Earl Thorpe, a resident of Durham, was a historian, professor, clergyman, and activist. Primarily, materials in the collection address Thorpe's work at North Carolina Central University (formerly North Carolina College), and his tenure as visiting professor at Harvard and Duke universities. Topics include student activism, teaching, racial and departmental politics on campus, and the development of viable African American Studies programs. Some materials also touch on North Carolina and Durham politics and race relations.
Charles DeWitt Watts was a pioneering African American surgeon who was chief of surgery at Lincoln Hospital, clinical professor of surgery at Duke University, founder of Licoln Community Health Center, director of student health at North Carolina Central University, and vice president and medical director for North Carolina Mutual Life Insurance Company, all in Durham, N.C.
The North Carolina Mutual Life Insurance Company was founded in Durham, N.C. in 1898 and is the oldest currently active African American-owned insurance company in the United States.This collection documents the founding and development of N.C. Mutual in Durham, N.C., and contributes to the historic record on African American businesses and entrepreneurship in the South and in the United States. Dating from 1850 to 2008, with the majority of the items dating from 1898 to 2008, the material covers nearly every aspect of N.C. Mutual's operations, management, and milestones. A small selection of images from the NC Mutual Life Archives is avaible online.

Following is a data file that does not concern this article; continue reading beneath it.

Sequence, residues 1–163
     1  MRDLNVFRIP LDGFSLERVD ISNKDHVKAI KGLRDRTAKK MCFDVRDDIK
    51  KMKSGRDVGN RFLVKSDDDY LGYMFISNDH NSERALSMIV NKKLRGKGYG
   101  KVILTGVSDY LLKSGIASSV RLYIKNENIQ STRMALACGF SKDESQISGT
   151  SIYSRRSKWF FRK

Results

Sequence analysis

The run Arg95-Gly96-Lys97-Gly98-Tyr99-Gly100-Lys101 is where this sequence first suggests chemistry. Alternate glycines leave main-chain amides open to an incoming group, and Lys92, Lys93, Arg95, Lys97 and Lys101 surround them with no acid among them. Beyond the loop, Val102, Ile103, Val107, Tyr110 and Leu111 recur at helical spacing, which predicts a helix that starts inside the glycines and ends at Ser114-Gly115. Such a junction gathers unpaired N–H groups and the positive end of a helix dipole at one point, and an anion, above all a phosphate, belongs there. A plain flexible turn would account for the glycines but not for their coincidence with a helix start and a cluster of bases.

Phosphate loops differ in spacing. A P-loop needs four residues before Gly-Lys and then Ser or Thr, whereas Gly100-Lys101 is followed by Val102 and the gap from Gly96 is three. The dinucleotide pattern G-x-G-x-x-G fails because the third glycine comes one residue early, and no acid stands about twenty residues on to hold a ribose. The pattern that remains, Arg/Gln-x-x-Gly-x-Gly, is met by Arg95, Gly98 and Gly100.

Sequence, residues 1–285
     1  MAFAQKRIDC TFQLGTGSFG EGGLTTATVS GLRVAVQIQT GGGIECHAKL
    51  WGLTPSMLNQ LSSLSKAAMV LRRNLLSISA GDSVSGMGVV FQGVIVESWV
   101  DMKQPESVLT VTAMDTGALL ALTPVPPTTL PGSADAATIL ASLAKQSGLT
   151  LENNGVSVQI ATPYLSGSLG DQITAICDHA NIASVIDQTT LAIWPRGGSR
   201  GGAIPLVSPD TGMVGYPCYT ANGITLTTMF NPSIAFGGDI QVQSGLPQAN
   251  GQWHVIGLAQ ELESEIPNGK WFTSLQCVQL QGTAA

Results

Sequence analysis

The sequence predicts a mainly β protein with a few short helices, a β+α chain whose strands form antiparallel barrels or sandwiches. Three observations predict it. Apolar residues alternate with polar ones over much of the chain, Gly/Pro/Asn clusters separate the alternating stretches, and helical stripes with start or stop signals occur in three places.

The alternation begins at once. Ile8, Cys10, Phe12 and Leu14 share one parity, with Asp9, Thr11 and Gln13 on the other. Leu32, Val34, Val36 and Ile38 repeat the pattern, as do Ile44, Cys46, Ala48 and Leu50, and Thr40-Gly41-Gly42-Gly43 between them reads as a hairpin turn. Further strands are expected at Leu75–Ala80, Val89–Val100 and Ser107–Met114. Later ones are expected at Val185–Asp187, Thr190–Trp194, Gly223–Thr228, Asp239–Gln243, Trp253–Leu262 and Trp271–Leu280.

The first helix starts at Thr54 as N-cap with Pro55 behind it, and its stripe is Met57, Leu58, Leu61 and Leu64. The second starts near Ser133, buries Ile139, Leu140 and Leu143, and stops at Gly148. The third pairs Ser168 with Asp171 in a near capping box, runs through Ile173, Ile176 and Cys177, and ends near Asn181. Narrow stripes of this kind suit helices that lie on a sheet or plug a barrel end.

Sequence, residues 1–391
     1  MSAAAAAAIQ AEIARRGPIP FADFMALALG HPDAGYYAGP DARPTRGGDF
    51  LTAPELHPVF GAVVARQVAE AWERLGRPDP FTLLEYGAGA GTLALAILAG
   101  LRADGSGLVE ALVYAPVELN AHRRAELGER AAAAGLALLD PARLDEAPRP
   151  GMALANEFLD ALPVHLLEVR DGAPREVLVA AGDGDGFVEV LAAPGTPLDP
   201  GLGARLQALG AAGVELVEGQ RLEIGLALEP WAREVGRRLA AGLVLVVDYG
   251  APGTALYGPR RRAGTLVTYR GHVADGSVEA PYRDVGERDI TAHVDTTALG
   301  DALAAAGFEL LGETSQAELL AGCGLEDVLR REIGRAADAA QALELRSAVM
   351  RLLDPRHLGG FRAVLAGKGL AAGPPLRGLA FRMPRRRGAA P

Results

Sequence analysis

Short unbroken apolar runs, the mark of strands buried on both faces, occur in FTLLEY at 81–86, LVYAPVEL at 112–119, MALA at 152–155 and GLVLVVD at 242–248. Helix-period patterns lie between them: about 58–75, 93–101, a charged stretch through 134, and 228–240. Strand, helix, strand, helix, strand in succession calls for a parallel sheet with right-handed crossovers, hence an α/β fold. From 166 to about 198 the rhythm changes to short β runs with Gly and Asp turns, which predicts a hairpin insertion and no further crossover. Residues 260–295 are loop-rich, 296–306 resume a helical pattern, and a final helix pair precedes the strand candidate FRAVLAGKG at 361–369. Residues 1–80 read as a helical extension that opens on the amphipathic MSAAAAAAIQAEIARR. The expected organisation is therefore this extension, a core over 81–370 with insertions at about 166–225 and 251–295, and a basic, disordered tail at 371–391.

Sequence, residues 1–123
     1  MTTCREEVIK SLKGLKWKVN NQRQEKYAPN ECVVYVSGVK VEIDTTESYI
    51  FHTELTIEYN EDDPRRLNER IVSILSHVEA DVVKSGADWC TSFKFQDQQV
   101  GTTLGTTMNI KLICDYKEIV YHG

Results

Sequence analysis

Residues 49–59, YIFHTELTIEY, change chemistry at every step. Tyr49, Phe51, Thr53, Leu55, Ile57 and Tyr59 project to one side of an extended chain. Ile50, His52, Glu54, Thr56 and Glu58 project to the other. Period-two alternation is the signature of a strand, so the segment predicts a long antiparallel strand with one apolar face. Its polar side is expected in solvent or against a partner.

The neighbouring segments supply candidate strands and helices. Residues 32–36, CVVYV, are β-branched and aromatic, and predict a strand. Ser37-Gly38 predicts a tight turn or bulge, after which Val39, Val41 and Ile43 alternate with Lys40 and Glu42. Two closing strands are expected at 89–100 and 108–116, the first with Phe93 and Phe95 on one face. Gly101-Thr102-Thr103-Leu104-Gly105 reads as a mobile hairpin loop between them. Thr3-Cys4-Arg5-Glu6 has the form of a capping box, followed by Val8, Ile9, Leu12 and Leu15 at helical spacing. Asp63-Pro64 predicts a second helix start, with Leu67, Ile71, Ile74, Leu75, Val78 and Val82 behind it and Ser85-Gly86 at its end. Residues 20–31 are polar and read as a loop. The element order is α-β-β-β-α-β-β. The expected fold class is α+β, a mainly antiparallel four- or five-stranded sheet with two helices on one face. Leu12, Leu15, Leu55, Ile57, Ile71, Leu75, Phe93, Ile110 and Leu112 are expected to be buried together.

Youth Document Durham and Durham Works were programs sponsored by Duke University and the Center for Documentary Studies that brought together young people ages 12–16 from diverse Durham communities to document their lives, local history and contemporary social issues through photography, oral history and narrative writing.
Oliver B. Quick. Milestones Along the Color Line: A Souvenir of Durham, N.C., Showing the Progress of a Race., 1922.
Created by Quick to show "property owned and controlled exclusively by Negroes in the City of Durham, N.C. [...] as evidence of the progress being made by our race group in this section of the South." Includes photographs of hotels, theatres, and other businesses, as well as schools, churches, and private homes.
Negro Directory of Raleigh, Franklinton, Durham, Henderson, [1922?]
Directory lists addresses of black-owned businesses and black citizens in Durham and other nearby cities.
The Whetstone. Durham, North Carolina : North Carolina Mutual Life Ins. Co, 1924-
Published for the employees of the North Carolina Mutual Life Ins. Co.
NC Mutual Life Executives outside the Construction site for N.C. Mutual building